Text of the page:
Kaye, D., and Esler, M. (2005). Sympathetic neuronal regulation of the heart in aging and heart failure. Cardiovasc. Res. 66, 256–264. doi: 10.1016/j.cardiores.2005.02.012

PubMed Abstract | CrossRef Full Text | Google Scholar

Koch, S. E., Haworth, K. J., Robbins, N., Smith, M. A., Lather, N., Anjak, A., et al. (2013). Age- and gender-related changes in ventricular performance in wild-type FVB/N mice as evaluated by conventional and vector velocity echocardiography imaging: a retrospective study. Ultrasound Med. Biol. 39, 2034–2043. doi: 10.1016/j.ultrasmedbio.2013.04.002

PubMed Abstract | CrossRef Full Text | Google Scholar

Li, J. H., Liu, S., Zhou, H., Qu, L. H., and Yang, J. H. (2014). starBase v2.0: decoding miRNA-ceRNA, miRNA-ncRNA and protein-RNA interaction networks from large-scale CLIP-Seq data. Nucleic Acids Res. 42, D92–D97. doi: 10.1093/nar/gkt1248

PubMed Abstract | CrossRef Full Text | Google Scholar

Lovelock, J. D., Monasky, M. M., Jeong, E. M., Lardin, H. A., Liu, H., Patel, B. G., et al. (2012). Ranolazine improves cardiac diastolic dysfunction through modulation of myofilament calcium sensitivity. Circ. Res. 110, 841–850. doi: 10.1161/CIRCRESAHA.111.258251

PubMed Abstract | CrossRef Full Text | Google Scholar

Marques, F. Z., Vizi, D., Khammy, O., Mariani, J. A., and Kaye, D. M. (2016). The transcardiac gradient of cardio-microRNAs in the failing heart. Eur. J. Heart Fail. 18, 1000–1008. doi: 10.1002/ejhf.517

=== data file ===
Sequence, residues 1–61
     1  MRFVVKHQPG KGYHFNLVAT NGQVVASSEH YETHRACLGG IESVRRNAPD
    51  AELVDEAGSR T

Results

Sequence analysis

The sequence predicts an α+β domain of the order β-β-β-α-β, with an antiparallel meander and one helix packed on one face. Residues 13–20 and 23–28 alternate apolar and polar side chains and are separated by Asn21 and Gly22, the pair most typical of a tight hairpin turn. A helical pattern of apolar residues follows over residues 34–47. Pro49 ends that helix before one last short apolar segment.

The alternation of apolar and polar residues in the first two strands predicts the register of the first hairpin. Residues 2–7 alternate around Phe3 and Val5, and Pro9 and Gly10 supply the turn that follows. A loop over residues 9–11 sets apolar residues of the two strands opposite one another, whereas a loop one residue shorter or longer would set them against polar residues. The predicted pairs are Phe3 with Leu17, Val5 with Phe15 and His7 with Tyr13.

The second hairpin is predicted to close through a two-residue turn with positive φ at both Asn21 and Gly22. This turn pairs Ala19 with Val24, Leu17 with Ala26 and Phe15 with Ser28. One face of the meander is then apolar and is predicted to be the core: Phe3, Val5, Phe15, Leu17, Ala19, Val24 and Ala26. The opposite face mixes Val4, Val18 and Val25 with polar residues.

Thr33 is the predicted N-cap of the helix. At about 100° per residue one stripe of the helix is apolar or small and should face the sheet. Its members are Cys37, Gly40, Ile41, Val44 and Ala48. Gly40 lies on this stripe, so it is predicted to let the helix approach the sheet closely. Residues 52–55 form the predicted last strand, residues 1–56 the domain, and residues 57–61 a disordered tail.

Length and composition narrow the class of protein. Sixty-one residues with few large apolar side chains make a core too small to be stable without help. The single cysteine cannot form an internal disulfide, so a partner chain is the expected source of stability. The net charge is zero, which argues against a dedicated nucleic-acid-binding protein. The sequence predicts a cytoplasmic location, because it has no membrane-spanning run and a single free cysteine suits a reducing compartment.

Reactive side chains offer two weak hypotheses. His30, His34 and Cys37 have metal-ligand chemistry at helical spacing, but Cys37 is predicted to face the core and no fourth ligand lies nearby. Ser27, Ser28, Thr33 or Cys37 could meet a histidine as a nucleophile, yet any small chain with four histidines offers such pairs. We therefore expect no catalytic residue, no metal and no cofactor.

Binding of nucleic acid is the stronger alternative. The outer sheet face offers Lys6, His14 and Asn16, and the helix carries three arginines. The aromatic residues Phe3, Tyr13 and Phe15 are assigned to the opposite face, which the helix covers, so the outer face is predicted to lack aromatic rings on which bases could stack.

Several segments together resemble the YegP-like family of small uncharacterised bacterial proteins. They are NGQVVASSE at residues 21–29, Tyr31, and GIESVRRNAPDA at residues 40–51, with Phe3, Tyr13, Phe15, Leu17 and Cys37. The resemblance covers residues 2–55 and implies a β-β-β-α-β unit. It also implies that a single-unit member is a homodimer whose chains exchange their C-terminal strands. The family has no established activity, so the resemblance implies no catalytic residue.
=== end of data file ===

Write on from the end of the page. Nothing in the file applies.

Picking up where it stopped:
PubMed Abstract | CrossRef Full Text | Google Scholar

Mohammed, S. F., Ohtani, T., Korinek, J., Lam, C. S., Larsen, K., Simari, R. D., et al. (2010). Mineralocorticoid accelerates transition to heart failure with preserved ejection fraction via “nongenomic effects”. Circulation 122, 370–378. doi: 10.1161/CIRCULATIONAHA.109.915215

PubMed Abstract | CrossRef Full Text | Google Scholar

Owan, T. E., Hodge, D. O., Herges, R. M., Jacobsen, S. J., Roger, V. L., and Redfield, M. M. (2006). Trends in prevalence and outcome of heart failure with preserved ejection fraction. N. Engl. J. Med. 355, 251–259. doi: 10.1056/NEJMoa052256

PubMed Abstract | CrossRef Full Text | Google Scholar

Quaife-Ryan, G. A., Sim, C. B., Ziemann, M., Kaspi, A., Rafehi, H., Ramialison, M., et al. (2017). Multicellular transcriptional analysis of mammalian heart regeneration. Circulation 136, 1123–1139. doi: 10.1161/CIRCULATIONAHA.117.028252

PubMed Abstract | CrossRef Full Text | Google Scholar

Ramirez, F. D., Motazedian, P., Jung, R. G., Di Santo, P., MacDonald, Z. D., Moreland, R., et al. (2017). Methodological rigor in preclinical cardiovascular studies: targets to enhance reproducibility and promote research translation. Circ. Res. 120, 1916–1926. doi: 10.1161/CIRCRESAHA.117.310628

PubMed Abstract | CrossRef Full Text | Google Scholar

Reed, A. L., Tanaka, A., Sorescu, D., Liu, H., Jeong, E. M., Sturdy, M., et al. (2011). Diastolic dysfunction is associated with cardiac fibrosis in the senescence-accelerated mouse. Am. J. Physiol. Heart Circ. Physiol. 301, H824–H831. doi: 10.1152/ajpheart.00407.2010

PubMed Abstract | CrossRef Full Text | Google Scholar

Ritchie, M. E., Phipson, B., Wu, D., Hu, Y., Law, C. W., Shi, W., et al. (2015). Limma powers differential expression analyses for RNA-sequencing and microarray studies. Nucleic Acids Res. 43:e47. doi: 10.1093/nar/gkv007

PubMed Abstract | CrossRef Full Text | Google Scholar

Sage, H., and Iruela-Arispe, M. L. (1990). Type VIII collagen in murine development. Association with capillary formation in vitro. Ann. N. Y. Acad. Sci. 580, 17–31. doi: 10.1111/j.1749-6632.1990.tb17914.x

PubMed Abstract | CrossRef Full Text | Google Scholar

Sassi, Y., Avramopoulos, P., Ramanujam, D., Gruter, L., Werfel, S., Giosele, S., et al. (2017). Cardiac myocyte miR-29 promotes pathological remodeling of the heart by activating Wnt signaling. Nat. Commun. 8:1614. doi: 10.1038/s41467-017-01737-4

PubMed Abstract | CrossRef Full Text | Google Scholar